Finance Commissioner Sanghvi is rather optimistic about city finances – Saratogian

SARATOGA SPRINGS, NY – At the last Saratoga Springs City Council meeting, Finance Commissioner Minita Sanghvi presented highlights of the city’s preliminary financial report for the fiscal year ending December 31, 2021.

Sanghvi noted that the city is currently operating with a surplus.

“As one can imagine, 2021 was much better than 2020. In 2021, we ended with a surplus of approximately $9 million and an excess fund balance of approximately $1.9 million,” said Sanghvi remarks about the year-over-year gap.

Yet Sanghvi also warned that a good portion of these revenue boosters were one-time deals that were unlikely to be seen in the near future.

“So while 2021 has been a robust year and our total revenue has never been higher, part of that is due to one-off events,” Sanghvi said.

“One is $3.9 million in federal funding that we got because of COVID, which we won’t get next year, plus a one-time sale of a city property that has generated approximately $2 million in revenue. So around $6 million is really a one-time bargain,” Sanghvi explained.

The finance commissioner also detailed other expenses outlined in the city’s funds.

“In 2021, we ended with a fund balance of $7.6 million restricted, restricted or unspendable and $15.4 million in unrestricted and unrestricted amounts,” Sanghvi said.

“So you have a restricted fund balance that totals $1.79 million that includes the pension reserve, the insurance reserve, the capital reserve, the tax stabilization reserve, and those are governed by the New York State Law Allocations total $2.6 million, include nonprofits, prior year tax refund, recycling, IT initiatives, police reform, sick leave, personnel cost adjustments and these are governed by the city council,” Sanghvi noted.

“The charges total $2.6 million, which represent expenses incurred up to 2021 but are paid thereafter. Non-expendable property totals $1.18 million, representing amounts that cannot be spent. And an unrestricted and unrestricted total of $15.4 million,” Sanghvi continued.

“Our fund balance policy limits the fund balance to 10. Currently our fund balance is 28.49%, which means we will consider reducing our fund balance to meet our policy requirements,” said Sanghvi added.

Additionally, Sanghvi gave an overview of the city’s revenue, noting that some revenue was higher in 2020 but lower than budgeted.

“Some of the revenue from 2021, we also have a very strong sales tax year, that was a 35% year-over-year increase from 2020. Our hotel occupancy tax was up 120 % compared to 2020. Our mortgage tax increased by 34% compared to 2020 with around $2 million,” Sanghvi said.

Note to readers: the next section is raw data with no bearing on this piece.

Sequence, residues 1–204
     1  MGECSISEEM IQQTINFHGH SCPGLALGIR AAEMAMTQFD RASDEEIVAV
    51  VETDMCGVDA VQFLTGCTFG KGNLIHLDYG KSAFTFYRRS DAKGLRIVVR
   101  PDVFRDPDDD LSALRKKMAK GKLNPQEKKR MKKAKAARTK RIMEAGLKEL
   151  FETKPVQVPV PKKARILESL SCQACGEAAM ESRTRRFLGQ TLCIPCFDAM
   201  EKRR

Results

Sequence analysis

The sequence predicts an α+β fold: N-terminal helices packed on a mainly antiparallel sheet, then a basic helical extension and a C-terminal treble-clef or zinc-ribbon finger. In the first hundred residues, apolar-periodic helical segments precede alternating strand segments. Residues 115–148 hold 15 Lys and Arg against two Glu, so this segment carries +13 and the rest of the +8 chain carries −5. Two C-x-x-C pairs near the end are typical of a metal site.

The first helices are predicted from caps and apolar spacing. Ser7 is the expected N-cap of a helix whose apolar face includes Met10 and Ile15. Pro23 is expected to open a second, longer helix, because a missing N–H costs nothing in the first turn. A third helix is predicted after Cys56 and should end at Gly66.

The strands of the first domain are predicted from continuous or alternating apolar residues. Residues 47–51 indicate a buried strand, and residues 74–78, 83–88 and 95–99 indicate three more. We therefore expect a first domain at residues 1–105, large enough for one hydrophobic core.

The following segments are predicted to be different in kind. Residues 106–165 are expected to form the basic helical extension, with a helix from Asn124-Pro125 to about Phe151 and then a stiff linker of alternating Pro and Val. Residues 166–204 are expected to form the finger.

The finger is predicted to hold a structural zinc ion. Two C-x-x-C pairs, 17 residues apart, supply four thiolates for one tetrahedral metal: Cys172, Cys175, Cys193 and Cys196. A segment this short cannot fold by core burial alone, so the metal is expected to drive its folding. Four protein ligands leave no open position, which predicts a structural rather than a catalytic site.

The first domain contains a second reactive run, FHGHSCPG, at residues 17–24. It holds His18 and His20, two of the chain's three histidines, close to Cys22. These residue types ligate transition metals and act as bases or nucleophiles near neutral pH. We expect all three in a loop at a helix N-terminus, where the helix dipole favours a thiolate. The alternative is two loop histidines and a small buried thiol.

“Our 2021 expenses, we had expenses higher than 2020 but under budget. For example, our health insurance was approximately $7.2 million, a 1% increase from 2020, but $373,000 less than expected. Health insurance accounts for 16% of our general expenses, so it is quite significant,” Sanghvi explained of the costs.

“Another expense to note is our overtime which was almost $1 million or $912,000. This is a 15% increase from our 2020 numbers and definitely something we can work on,” Sanghvi noted.

“Our total general fund expenses were essentially $1 million higher than 2020, but $3.7 million lower than the revised budget, which does not include expenses. Our cash balances at the end of 2021 are $4.86 million lower than 2020. This is due to the full repayment of loans and tax anticipation notes used to cover cash shortfalls during periods peak of the 2020 pandemic. Reserve balances also declined, but have since been largely replenished,” Sanghvi added.

Sanghvi concluded with an upbeat note on the city’s finances, including an expected strong summer tourist season.

“I am optimistic about the financial health of our city, but I also recommend a more moderate approach. We must not forget that the success of 2021 was largely due to one-time sources of revenue, as I explained city property and federal funds, which leave a void in the general fund budget that we will need to fill in 2022 and 2023,” Sanghvi remarked as he ensured the city maintained its AA+ bond rating.

“Our focus right now, especially in the finance department, is to restore financial stability to our city. We are still seeing waves of COVID raging through our community, we have a third EMS fire station to build, we need to fund the hiring of firefighters, and our capital reserve is currently half of what it was in 2018” , Sanghvi explained.

“Our city is gearing up for a strong summer and there is excitement, optimism and energy in the air. Like it should be. We have a lot to be happy about,” Sanghvi added.

The preliminary financial report provides a summary of the city’s 2021 annual financial report update document that will be reviewed by city auditors in the coming months, with audited financial statements due for release in late September.